1965 The Detergents – Leader Of The Laundromat
Songwriters Paul Vance and Lee Pockriss wrote Perry Como’s 1957 number one hit Catch A Falling Star. They didn’t immediately follow that up with another hit record. In 1959, as Lee and Paul, they recorded The Chick, a very strange novelty record. It was their only record to reach the Hot 100 and spent only one week at number 100. Now I feel compelled to research how many other artists hold that distinction!
In 1959, Paul produced his nephew Danny Jordan’s single, Just Couldn’t Resist Her With Her Pocket Transistor, a novelty song that Jack Keller and Larry Kolber had written.
In 1960, Paul’s daughter was too shy to wear a bikini at the beach, and he and Lee wrote Itsy Bitsy Teeny Weeny Yellow Polka Dot Bikini. Brian Hyland recorded the song and gave the pair their second number one record.
Lee also co-wrote two other hit records in 1960:
- Johnny Angel, a number one record for Shelley Fabares.
- My Little Corner Of The World, a top ten single for Anita Bryant.
In 1962, Paul produced Find a Little Happiness, a single co-written and sung by Danny and Artie Wayne. Diamond Records released the record, and the label credited them as Jordan and Wayne, but the single failed to chart.
Paul co-wrote What Will Mary Say with Eddie Snyder, a song that Johnny Mathis took to the top ten in 1963. The pair also wrote Don’t Stand Up In A Canoe, a single produced by Lee and credited to singer Ronnie Dante.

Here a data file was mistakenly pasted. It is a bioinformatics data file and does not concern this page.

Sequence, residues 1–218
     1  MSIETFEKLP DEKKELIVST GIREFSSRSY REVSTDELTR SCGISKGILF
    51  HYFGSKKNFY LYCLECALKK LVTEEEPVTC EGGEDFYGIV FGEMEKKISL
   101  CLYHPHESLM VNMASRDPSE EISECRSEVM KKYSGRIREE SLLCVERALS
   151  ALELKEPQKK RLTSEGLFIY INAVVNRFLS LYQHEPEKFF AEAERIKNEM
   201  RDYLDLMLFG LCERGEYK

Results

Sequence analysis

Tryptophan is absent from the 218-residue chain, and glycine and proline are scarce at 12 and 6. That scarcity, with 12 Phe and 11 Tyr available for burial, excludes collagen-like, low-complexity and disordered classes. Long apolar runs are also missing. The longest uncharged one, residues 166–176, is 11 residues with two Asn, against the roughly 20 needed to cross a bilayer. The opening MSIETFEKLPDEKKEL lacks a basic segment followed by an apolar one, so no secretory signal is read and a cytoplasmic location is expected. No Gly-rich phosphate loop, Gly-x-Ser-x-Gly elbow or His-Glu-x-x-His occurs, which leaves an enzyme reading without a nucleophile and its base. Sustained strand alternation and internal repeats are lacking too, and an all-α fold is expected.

Don Kirshner and Al Nevins hired Paul and Lee to work as staff writers for their company (Aldon Music) in 1964.
Aldon Music also employed three eighteen-year-olds as session singers and songwriters: Danny, Artie, and future star Ron Dante. The three co-wrote and produced and sang on a single entitled Little Lollypop that was credited to Ronnie Dante in 1964. When that failed to click, Paul approached the three about recording a novelty song he and Lee had written as a parody of the single The Leader of the Pack by the Shangri-Las. The song was Leader Of The Laundromat, and the single credited the trio as The Detergents. Despite your expectations, the lead singer on the single was Danny rather than Ron.
The record peaked at #19 on the Hot 100 in 1965. The group appeared on several television shows to promote the record, but none of those appearances are readily available. Fortunately, there is a video of the three performing their follow-up single, Double-O-Seven, a song about the miseries of loving a girl who’s hung up on James Bond. That single did not do nearly as well as their first, peaking at #89 on the Hot 100. The group recorded a few more singles, but they never reached the charts again.
Ron sang on quite a few singles credited to different groups, including Sugar, Sugar by the Archies. Paul and Lee also wrote and produced the top ten single Tracy by the Cuff Links, on which all the vocal parts were sung by Ron. Ron also produced many of Barry Manilow’s recordings and sang backup vocals on some of them.
Paul and Lee each continued writing successful songs.
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